Cucumber varieties can have different pollination processes that affect how fruits are formed. These different pollination traits are worth considering when choosing cultivars for your garden, as some may perform better in different situations.
- Male and female cucurbit flowers look similar. However, female flowers are typically larger and will have tiny, immature fruits beneath each bloom. Male flowers form first, days or weeks before female flowers appear.
- Pollination of cucumbers can be affected by high temperatures and other stresses. Excessive heat, drought, rain, and pesticide applications can negatively affect the amount of pollen and its quality or viability, which can lead to low or no fruit set. Growing conditions and care are critical.
- Cucumber pollen forms in a sticky mass and must be transferred by pollinators (bees mostly). In their absence, this should be done by hand, or by applications of Blossom Set Spray, which is a natural plant hormone.
Monoecious: Both male & female flowers are produced on the same plant, with a longer producing period.
Gynoecious: Gynoecious plants produce a higher percentage of female flowers, but pollination is still required. These types produce a lot of fruit in a shorter, more concentrated period. Each packet contains a blend of 90% gynoecious & 10% monoecious seeds.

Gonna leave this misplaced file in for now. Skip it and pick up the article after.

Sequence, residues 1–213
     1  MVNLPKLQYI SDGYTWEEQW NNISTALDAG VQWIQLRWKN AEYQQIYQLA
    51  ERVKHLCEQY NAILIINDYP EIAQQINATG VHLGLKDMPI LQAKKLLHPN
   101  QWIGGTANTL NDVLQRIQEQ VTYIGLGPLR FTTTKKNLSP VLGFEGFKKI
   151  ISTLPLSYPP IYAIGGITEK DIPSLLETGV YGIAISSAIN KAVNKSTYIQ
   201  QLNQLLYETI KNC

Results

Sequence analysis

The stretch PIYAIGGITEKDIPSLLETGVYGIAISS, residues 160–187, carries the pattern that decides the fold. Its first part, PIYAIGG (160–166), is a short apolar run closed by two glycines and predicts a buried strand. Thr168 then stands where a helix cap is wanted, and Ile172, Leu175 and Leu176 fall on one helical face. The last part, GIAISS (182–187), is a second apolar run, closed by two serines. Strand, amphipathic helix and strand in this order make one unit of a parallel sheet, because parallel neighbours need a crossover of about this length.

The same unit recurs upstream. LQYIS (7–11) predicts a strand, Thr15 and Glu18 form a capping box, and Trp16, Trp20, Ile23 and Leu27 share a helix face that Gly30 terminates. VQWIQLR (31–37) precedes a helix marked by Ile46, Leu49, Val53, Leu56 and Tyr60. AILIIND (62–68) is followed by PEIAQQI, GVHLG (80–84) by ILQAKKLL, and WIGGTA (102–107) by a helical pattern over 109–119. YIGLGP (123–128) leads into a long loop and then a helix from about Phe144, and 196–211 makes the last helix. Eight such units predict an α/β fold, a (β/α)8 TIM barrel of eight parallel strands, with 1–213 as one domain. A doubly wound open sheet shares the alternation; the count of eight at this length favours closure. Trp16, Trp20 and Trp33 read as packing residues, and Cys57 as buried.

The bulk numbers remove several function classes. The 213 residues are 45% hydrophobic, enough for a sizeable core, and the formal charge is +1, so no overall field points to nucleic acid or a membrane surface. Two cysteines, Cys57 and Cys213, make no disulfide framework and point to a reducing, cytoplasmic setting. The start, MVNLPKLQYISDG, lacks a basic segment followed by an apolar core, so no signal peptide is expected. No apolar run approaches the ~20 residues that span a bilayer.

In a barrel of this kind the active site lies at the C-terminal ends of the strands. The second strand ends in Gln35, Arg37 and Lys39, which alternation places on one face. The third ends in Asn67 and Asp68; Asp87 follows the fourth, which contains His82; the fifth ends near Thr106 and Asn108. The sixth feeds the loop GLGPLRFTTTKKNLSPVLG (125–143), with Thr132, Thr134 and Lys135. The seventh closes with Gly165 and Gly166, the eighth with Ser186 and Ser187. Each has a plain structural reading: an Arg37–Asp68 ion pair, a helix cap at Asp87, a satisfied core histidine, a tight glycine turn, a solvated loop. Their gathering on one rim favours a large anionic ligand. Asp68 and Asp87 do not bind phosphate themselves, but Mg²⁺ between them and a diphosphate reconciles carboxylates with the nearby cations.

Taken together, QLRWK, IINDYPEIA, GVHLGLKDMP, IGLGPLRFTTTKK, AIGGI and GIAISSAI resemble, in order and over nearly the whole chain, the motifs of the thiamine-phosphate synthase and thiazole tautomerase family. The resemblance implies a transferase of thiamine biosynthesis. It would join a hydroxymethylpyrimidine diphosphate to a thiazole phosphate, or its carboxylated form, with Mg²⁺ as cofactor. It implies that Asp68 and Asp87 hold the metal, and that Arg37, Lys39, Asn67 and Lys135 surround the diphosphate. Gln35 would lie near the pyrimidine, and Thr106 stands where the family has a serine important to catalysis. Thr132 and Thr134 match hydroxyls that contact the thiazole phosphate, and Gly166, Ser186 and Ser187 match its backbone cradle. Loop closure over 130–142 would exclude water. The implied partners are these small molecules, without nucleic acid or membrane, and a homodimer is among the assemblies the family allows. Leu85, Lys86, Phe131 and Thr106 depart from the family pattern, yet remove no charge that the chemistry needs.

NOTE: Gardeners should plant the entire packet of seeds, not just a select few seeds to ensure enough male blooms are produced for proper pollination.
Parthenocarpic: Plants produce flowers that set fruit with no pollination. Fruits will be virtually seedless because of this. Parthenocarpy trait is prized by greenhouse or indoor hydroponic growers. Since cross-pollination can yield fruits with seeds, parthenocarpic varieties should be isolated from others if necessary.
Cucumber plants, like other garden vegetables, perform best with regular, consistent water applied at the root zone. Follow the 1 inch of water per week, per plant rule, and maintain 2-3 in. of mulch or compost around the base of cucumber plants to help stabilize soil temperatures, maintain moisture, and suppress weeds.
NOTE: The main cause of bitter-tasting cucumbers is plant stress caused by heat and/or drought.